This issue is important. Employees are entitled to financial benefits, like a minimum wage and eligibility for a group health plan. Additionally, legal employees have legal protections, in terms of anti-discrimination laws and unionizing activities. Generally, unpaid interns have none of these guarantees.

The Department of Labor’s Fact Sheet 71 sets out some key differences between an employee and an intern. Essentially, employers cannot unilaterally declare who is an intern and who is an employee. The law makes that designation and a Greenville employment law attorney makes the law work for regular people like you.

 

No Expectations of Compensation

Interns are not paid and they do not expect to get paid. Any express or implied suggestion of compensation usually means the worker is an employee and not an intern. Expense reimbursement typically counts as compensation.

 

Relationship to Academic Credit

If the worker gets college or university credit, the worker is usually an intern. That’s especially true if a professor or someone at the college arranged for the job.

 

Job’s Educational Value

Interns do things like observe meetings and talk to C-level executives about their jobs. Entry-level employees do things like make coffee and file papers. Of course, there is some overlap.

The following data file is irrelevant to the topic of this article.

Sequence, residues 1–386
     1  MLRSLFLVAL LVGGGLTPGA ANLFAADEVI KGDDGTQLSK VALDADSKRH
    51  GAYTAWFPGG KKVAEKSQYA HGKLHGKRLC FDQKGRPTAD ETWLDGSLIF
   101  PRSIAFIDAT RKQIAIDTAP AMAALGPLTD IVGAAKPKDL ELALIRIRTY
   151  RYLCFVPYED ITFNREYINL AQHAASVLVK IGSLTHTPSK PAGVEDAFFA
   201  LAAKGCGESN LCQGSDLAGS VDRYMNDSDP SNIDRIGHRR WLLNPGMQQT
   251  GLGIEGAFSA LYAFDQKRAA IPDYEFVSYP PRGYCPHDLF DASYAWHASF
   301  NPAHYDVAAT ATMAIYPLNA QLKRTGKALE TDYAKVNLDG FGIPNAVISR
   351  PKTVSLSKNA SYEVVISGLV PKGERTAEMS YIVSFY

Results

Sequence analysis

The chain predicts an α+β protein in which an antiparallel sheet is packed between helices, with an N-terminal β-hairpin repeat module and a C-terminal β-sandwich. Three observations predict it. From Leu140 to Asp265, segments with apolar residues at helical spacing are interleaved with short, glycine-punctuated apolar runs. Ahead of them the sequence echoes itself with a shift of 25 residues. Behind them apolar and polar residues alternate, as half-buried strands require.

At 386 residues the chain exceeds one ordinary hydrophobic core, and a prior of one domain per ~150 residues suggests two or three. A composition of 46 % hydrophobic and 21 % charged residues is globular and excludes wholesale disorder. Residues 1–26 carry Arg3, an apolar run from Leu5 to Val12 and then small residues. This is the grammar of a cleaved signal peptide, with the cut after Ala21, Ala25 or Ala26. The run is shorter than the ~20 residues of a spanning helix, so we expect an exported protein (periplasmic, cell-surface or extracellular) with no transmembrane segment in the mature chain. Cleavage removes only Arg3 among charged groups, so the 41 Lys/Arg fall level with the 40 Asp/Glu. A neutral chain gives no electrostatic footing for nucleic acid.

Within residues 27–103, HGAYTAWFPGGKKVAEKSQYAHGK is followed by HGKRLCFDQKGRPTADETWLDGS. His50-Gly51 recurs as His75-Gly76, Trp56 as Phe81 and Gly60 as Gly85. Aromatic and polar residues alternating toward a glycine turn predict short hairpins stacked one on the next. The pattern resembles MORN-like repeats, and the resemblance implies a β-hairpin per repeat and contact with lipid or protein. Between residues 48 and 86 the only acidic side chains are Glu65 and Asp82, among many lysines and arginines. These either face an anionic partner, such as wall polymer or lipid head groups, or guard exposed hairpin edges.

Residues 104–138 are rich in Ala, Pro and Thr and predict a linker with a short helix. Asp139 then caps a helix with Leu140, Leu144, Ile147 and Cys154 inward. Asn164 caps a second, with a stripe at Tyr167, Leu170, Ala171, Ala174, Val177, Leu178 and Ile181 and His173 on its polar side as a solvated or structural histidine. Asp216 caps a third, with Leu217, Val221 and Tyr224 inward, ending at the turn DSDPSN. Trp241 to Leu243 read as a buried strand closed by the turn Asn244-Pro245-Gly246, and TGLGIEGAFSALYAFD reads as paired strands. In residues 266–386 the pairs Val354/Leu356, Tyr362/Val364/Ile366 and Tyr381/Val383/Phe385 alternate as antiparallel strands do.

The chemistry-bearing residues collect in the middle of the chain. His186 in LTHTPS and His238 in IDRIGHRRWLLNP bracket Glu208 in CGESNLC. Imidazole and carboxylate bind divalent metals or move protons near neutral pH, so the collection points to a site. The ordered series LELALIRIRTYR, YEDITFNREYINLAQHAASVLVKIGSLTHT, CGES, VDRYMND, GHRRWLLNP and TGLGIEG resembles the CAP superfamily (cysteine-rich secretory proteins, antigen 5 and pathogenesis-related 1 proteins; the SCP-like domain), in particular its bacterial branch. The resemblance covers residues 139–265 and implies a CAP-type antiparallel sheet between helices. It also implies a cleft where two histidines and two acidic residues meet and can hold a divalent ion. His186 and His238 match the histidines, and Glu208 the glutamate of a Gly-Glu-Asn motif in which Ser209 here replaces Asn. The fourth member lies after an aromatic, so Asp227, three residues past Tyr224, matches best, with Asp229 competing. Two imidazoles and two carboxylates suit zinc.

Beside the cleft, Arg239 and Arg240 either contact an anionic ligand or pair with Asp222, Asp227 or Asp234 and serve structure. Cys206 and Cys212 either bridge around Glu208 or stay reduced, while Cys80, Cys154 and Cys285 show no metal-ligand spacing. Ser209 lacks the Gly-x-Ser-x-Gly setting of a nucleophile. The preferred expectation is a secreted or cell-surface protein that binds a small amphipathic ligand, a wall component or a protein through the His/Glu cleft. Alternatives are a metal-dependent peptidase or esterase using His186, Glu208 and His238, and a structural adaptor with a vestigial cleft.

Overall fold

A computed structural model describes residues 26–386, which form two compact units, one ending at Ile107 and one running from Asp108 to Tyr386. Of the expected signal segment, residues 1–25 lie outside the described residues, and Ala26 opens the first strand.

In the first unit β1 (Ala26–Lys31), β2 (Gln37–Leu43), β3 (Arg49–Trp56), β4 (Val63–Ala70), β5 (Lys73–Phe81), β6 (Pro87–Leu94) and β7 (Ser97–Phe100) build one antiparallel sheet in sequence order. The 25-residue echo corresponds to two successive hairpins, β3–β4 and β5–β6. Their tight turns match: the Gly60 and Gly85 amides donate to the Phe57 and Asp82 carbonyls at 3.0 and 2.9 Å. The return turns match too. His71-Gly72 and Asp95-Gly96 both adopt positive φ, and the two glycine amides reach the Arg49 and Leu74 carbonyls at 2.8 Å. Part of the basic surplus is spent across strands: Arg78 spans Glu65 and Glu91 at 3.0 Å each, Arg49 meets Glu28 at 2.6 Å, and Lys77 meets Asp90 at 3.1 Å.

Relationship to Academic Calendar

If the job begins in January and ends in May or June, it is probably an internship. However, if the job begins and ends at the whim of the employer, the worker is probably an entry-level employee.

 

Work Hours

Interns learn most during daytime hours on weekdays. If the hours include significant weekend or night hours, there is a limited amount of things the intern can learn.

 

Complement or Displace Existing Workers

Interns, by definition, cannot meaningfully contribute to an organization’s success. At best, they can serve in a complementary role. If the employer let workers go to make room for the interns, these interns are probably employees. That’s especially true if their job duties indicate that they are employees and not student-interns.

Employees have important benefits that interns do not have. For a confidential consultation with an experienced employment law attorney in Greenville, contact the Briggs Law Firm. After-hours visits are available.

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